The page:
It is highly recommended that any Expat whose business involves overseas travel, should effect a Corporate Travel Insurance Policy.
A Corporate Travel Policy will provide coverage for overseas trips up to a duration of 26 weeks.
The scope of cover provided under this type of policy include Medical Expenses, Death & Capital Benefits, Loss or damage to Baggage, Electronic Equipment, Loss of Credit Cards, Theft of Money, Hire Car Excess Expenses, Loss of Deposits and Cancellation Charges, Kidnap, Extortion and Ransom.
Below are actual case studies of recent Medical Expenses Travel Insurance losses incurred whilst claimants were overseas. This reinforces the absolute necessity to protect yourself and your business from these exposures whilst undertaking business and associated leisure travel.
David (an Australian Resident) was insured under a Corporate Travel Insurance Policy while he was on a short-term working assignment in the Solomon Islands. On 12/09/2017 he started feeling unwell with abdominal pain and presented himself to a local clinic.
Provisional diagnosis was infectious Gastroenteritis, acute abdominal rupture and appendicitis. There were no clinics available for the claimant to undergo diagnostic imaging and hence he was placed in an air ambulance and evacuated back to Australia. The total amount of the claim was $57,527.37.
Edward attended an international business conference in the Philippines. At the conclusion of the conference he stayed on for an additional week’s holiday.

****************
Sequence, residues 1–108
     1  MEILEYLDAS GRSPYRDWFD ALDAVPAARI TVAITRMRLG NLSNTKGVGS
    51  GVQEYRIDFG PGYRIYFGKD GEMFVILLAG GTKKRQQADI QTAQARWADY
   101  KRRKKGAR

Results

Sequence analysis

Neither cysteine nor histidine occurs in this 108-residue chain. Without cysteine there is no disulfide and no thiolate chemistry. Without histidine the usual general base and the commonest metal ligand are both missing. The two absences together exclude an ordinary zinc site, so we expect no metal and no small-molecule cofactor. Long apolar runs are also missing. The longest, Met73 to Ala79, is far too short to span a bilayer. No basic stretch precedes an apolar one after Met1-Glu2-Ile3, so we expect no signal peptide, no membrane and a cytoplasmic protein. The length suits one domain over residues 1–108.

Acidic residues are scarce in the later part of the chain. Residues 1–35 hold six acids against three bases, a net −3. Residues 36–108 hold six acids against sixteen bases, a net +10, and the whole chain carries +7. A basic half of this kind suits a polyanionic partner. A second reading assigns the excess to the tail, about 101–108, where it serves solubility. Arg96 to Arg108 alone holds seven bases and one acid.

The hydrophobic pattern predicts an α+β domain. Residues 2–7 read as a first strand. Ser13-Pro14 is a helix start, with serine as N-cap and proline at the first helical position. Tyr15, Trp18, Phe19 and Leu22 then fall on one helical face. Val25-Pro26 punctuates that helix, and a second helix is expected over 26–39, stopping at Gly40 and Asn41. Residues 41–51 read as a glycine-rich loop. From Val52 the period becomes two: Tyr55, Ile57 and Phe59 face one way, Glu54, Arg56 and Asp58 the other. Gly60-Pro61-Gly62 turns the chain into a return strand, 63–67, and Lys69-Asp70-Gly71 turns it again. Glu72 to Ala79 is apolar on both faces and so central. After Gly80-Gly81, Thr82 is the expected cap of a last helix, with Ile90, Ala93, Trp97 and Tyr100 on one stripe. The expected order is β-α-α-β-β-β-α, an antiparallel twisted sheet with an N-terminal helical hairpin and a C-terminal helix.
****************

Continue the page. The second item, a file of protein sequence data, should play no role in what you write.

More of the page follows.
During that holiday he was struck by a motorcycle and sustained multiple soft tissue and musculoskeletal injuries including left clavicle fracture, multiple fractures to left and right ribs, crush fracture of the 12th thoracic vertebrae and right shoulder ligament ruptures. The total amount of the claim was $23,428.57.
Gerard, a 73-year-old director of an IT company, planned a 6-week overseas trip with his wife, to the USA commencing June 2017. Unbeknown to him, at the time of embarking on the journey, he was developing what would become a significant cardiac infection – “bacterial endocarditis”.
By the time he landed in the USA his cardiac symptoms fully manifested resulting in cardiac infection, multiple body organ sepsis and several strokes secondary to the above.
Gerard was admitted to high dependency specialist care. The claimant’s wife and Insurers were advised that Gerard most likely would not survive. Gerard was transferred to palliative care where he eventually passed away some two months later. The total amount of the claim was $1,300,000.
Although this case had a sad outcome, it highlights the importance of having travel insurance to protect against what can be substantial and significant costs.
By: Michael McMahon
Gibson Insurance Brokers